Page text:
Geriatrics Experts: Candidates’ Answers to These Questions Can Help #Decision2020 Build Momentum for Americans as We Age

New York (May 14, 2020)—With primary and general elections on the horizon across the U.S., the American Geriatrics Society (AGS) today released a series of high-priority questions for candidates. The AGS candidate question guide is aimed at helping Americans keep all political leaders—including and perhaps especially those running for president—committed to a clear, articulated vision how they will support us all as Americans age.

“How candidates answer a question gives us a sense of what policies they would put forward to support us all as we age,” explains AGS Chief Executive Officer Nancy Lundebjerg, MPA. “The current COVID-19 pandemic highlights how important federal and state leadership are  to having policies in place that support the health of us all through a comprehensive approach informed by how geriatrics approaches our care: Team-based, person-centered, and focused on the whole person, with the goal of each of us remaining active and engaged in our communities.”

The AGS question guide—published in the Journal of the American Geriatrics Society (DOI: 10.1111/jgs.16515) and in an easy-to-use, tweetable format at the AGS #Decision2020 Hub,—focuses on eight policy issues important to older adults, caregivers, and the health professionals who help promote their well-being:

  1. Ensuring Access to Geriatrics Health Professionals: What policies and programs would you champion that would increase access to geriatrics health professionals for older Americans?
  2. Expanding Title VII Geriatrics Training Programs: How would you work to expand the reach of federal training programs so that all older people have access to health professionals who are competent to meet our needs as we age?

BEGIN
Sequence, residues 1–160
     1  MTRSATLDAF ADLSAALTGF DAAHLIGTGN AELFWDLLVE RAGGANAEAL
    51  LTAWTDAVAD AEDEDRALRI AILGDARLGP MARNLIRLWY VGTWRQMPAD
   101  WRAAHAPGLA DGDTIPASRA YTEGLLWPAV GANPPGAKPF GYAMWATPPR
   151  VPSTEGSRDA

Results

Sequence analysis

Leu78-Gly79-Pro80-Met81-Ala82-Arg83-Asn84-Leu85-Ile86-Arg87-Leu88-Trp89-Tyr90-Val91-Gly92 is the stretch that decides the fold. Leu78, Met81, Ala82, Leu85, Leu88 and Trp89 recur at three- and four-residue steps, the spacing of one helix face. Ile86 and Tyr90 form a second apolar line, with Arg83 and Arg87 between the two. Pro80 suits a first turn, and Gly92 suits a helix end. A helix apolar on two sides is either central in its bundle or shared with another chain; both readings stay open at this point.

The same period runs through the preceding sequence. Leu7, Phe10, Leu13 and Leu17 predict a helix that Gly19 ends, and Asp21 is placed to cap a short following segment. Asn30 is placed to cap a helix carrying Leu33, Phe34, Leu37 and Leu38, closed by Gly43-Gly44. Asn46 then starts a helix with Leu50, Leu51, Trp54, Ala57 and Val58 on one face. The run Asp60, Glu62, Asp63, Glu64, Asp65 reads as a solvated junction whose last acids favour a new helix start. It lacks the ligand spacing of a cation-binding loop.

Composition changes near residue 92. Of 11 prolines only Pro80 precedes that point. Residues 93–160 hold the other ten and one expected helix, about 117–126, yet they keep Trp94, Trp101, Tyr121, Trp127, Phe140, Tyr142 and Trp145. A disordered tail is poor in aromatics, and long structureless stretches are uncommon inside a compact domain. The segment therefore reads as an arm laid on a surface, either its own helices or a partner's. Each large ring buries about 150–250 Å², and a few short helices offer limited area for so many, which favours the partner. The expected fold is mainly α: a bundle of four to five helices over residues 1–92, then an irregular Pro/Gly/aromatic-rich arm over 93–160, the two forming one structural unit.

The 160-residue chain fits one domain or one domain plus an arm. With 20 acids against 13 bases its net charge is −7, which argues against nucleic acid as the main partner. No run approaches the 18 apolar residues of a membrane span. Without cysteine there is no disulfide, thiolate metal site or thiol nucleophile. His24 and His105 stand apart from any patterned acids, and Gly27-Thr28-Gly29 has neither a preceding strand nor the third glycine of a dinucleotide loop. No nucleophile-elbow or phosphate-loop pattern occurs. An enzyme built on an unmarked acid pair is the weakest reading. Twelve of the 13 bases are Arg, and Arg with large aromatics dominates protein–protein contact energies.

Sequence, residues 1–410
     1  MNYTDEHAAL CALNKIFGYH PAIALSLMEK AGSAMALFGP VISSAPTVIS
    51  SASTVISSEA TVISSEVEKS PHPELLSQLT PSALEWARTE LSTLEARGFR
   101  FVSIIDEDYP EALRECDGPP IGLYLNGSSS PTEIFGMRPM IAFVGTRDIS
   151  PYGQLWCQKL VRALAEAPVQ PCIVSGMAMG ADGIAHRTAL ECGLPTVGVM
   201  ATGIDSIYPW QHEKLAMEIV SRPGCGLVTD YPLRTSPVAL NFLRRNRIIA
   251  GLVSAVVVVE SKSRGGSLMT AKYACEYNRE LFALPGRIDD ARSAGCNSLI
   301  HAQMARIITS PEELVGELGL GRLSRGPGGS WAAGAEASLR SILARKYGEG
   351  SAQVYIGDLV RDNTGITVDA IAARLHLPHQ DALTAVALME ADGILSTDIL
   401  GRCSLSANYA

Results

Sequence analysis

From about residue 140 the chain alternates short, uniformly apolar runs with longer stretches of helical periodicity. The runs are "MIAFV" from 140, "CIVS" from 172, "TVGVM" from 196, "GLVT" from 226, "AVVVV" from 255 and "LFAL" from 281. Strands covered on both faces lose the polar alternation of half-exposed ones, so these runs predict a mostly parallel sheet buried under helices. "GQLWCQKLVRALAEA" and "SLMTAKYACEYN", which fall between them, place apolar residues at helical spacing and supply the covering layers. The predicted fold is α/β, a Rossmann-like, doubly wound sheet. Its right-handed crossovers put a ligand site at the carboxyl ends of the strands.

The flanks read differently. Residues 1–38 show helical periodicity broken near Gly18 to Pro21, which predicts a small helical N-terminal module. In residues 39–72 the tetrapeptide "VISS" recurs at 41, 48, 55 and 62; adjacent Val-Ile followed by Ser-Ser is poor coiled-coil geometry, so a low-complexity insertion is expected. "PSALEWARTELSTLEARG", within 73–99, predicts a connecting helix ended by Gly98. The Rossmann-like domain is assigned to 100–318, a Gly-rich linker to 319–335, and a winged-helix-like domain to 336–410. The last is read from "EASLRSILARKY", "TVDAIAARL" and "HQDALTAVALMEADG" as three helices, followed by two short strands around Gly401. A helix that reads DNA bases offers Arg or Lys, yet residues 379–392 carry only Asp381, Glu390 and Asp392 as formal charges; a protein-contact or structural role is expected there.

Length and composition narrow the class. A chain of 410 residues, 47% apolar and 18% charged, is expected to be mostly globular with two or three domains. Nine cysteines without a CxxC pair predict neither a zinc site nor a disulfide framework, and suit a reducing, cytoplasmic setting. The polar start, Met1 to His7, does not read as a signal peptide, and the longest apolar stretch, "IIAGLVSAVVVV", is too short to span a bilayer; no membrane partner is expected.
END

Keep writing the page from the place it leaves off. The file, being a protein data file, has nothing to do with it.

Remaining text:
3. Ensuring Our Workforce is Competent to Care for Older Americans: How would you reform graduate medical education to address the gap between training requirements and our nation’s need for a workforce to care for us as we age?
  4. Reducing the Toll and Impact of Chronic Diseases: How would you prioritize aging research across federal agencies and institutions so that we can address the human and economic toll of chronic diseases on older Americans?
  5. Ensuring Access to Adequate Pain Relief for Older Americans Living with Advanced Illness: What policies would you champion to ensure frail older Americans living with advanced illness (typically those 85 years old or older, with multiple chronic conditions) have access to adequate pain relief?
  6. Supporting American Women:
    • What will you do to ensure women receive equal pay for equal work?
    • What are your plans for ensuring women and other traditionally underrepresented groups are vibrant parts of your Administration?
  7. Supporting American Families: How would you ensure that all Americans, including all those employed by the federal government, have access to paid family leave?
  8. Addressing Complexity in Caring for Older Americans:
    • How would you work to improve the quality and efficiency of care delivered to the increasing number of Medicare beneficiaries with multiple chronic and complex conditions?
    • How would you improve care and care coordination across healthcare settings important to individuals who have dual eligibility for both Medicare and Medicaid?

Each issue included in the guide features background on its importance, as well as potential policy solutions to help guide voter evaluations of candidate responses. To make its recommendations as actionable as possible, the AGS also included contact information for presidential candidates, as well as tools for determining state and local contenders by district, on its #Decision2020 Hub. Visit to learn more.

About the American Geriatrics Society

Founded in 1942, the American Geriatrics Society (AGS) is a nationwide, not-for-profit society of geriatrics healthcare professionals that has—for more than 75 years—worked to improve the health, independence, and quality of life of older people. Its nearly 6,000 members include geriatricians, geriatric nurses, social workers, family practitioners, physician assistants, pharmacists, and internists. The Society provides leadership to healthcare professionals, policymakers, and the public by implementing and advocating for programs in patient care, research, professional and public education, and public policy. For more information, visit